Japan Geoscience Union Meeting 2016

Presentation information


Symbol H (Human Geosciences) » H-CG Complex & General

[H-CG25] Nuclear Energy and Geoscience

Tue. May 24, 2016 1:45 PM - 3:15 PM 304 (3F)

Convener:*Eiji Sasao(Tono Geoscience Center, Japan Atomic Energy Agency), Tsutomu Sato(Faculty of Engineering Hokkaido University), Hidekazu Yoshida(Nagoya University Museum), Chair:Eiji Sasao(Tono Geoscience Center, Japan Atomic Energy Agency)

1:45 PM - 2:00 PM

[HCG25-13] Comparison of sorption coefficients between powder and intact solid phase: Case study with 133Cs and 87Sr on pumice tuff

*Mohammad Rajib1, Chiaki T. Oguchi2 (1.Graduate School of Science and Engineering, Saitama University/ Bangladesh Atomic Energy Commission, 2.Department of Civil and Environmental Engineering, Saitama University)

Keywords:Distribution coefficient, Powder and block samples, Oxidation, Pumice tuff, Radioactive waste repository

Adsorption experiment was carried out with both powdered and block pumice tuff to compare the distribution coefficient (Kd) values of stable cesium (133Cs) and strontium (87Sr) under variety of geochemical conditions. The main objective was to infer the Kd difference in laboratory and field condition. Cs and Sr were selected as two important nuclides from low and intermediate lever radioactive waste, and pumice tuff as one of the host rocks of such waste repositories. Pumice tuff blocks were prepared for this study expecting that the block sample is nearly the ‘natural condition’, like what is found in the field- compact with intact pores. Considering minimum dependency of ionic strength, initial nuclide concentration and pH, 10-4 mol/l Cs and Sr concentration was selected as initial experimental concentration (Rajib et al., 2015, 2016) where 4, 8 and 12 were chosen as low, neutral and high pH conditions. Since ionic strength significantly influences Kd at less than 1.0 mol/l on pumice tuff (Rajib et al., 2011, 2016), relatively high ionic strength of 1.0 and 3.0 mol/l was adopted. To keep the effect of particle size at minimum, homogenous grain size of 150-300 μm was used for the powdered materials, whereas blocks were prepared at an equal size of 1 cm3. Conventional batch technique was carried out with a solid-solution ratio of 1:10. However, as the ratio cannot be kept fixed for block samples (the weight varied from 1.090 to 1.456 g), adjustment to 1:10 ratio was necessary to recalculate Kd values. After reaching equilibrium pH at the contact time of 14 weeks, Cs and Sr concentrations were measured by ICP-MS, and the Kd values were determined considering the natural dissolution of Cs and Sr during aging period (Rajib et al., 2015). Pumice tuff samples were collected from below 50-100 m at subsurface where water-rock interaction occurred and a redox zone has been formed. Hence, both fresh and oxidized pumice tuffs were possible to use to observe any oxidation effect. To investigate surface area properties of pumice tuff, mercury intrusion porosimetry (MIP) and observation through scanning electron microscope (SEM) was conducted.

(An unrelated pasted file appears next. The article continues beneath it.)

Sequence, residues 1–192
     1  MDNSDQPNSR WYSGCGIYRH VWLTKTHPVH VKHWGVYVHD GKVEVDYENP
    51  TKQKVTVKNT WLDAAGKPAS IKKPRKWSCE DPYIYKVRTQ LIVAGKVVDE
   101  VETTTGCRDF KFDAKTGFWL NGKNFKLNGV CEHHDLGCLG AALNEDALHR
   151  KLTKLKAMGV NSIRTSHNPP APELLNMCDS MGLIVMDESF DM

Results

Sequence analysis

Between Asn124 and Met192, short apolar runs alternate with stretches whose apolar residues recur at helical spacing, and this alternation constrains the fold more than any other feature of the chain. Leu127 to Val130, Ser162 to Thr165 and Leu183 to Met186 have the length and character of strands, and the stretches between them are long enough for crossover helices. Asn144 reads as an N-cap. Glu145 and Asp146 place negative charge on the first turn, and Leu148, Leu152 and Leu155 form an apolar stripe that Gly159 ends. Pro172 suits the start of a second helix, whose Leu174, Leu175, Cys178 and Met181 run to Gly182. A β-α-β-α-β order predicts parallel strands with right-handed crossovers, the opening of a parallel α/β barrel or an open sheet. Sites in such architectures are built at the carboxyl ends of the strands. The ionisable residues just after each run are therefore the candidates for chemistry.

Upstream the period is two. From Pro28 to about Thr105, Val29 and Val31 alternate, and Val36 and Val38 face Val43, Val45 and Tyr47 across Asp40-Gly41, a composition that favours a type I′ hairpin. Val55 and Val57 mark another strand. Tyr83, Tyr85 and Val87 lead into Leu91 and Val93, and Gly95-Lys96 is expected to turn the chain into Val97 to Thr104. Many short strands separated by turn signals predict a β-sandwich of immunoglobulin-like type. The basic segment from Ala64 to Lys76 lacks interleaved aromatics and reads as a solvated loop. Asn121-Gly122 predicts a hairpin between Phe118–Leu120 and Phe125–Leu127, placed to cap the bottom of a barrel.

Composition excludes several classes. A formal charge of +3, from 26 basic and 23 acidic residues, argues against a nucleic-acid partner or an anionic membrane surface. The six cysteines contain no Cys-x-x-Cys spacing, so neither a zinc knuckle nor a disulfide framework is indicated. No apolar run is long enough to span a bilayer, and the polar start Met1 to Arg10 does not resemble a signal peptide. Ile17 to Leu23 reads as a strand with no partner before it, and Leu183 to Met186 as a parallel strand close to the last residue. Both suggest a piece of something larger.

The results show that Kd values for block samples are considerably lower than powdered samples for both Cs and Sr. Almost all the samples showed similar tendency with the average lower values of 8.79% for Cs and 4.94% for Sr in block samples of fresh tuff. In oxidized tuff, block samples showed 14.58% and 13.65% lower values for Cs and Sr, respectively. The lower Kd values on block samples might be due to the use of lower surface area as sorption sites since many closed pores exist in intact solid which cannot be accessed. The destruction of smaller pores in oxidized tuff due to oxidation phenomena might be the cause of higher reducing Kd values. However, use of pumice tuff blocks for comparable batch adsorption experiment is possible due to its highly porous nature where much amount of surface area can be accessed. The Kd difference between block and powder samples is expected to be caused mainly by the effect of diffusion, taking very long equilibrium period, and the physical and mechanical properties of pores and fractures during experiment.
1. Rajib, M., Kobayashi, T. Oguchi C. T. and Sasaki T. (2016), Journal of Geoscience and Environment Protection, 4.
2. Rajib, M., Oguchi C. T., Sasaki T. and Kobayashi, T. (2015), Geochemical Journal, 49(5), 539-548.
3. Rajib, M., Sasaki, T., Kobayashi, T., Myaguchi, Y., Takagi, I. and Moriyama, H. (2011), Journal of Nuclear Science and Technology, 48(6), 950-957.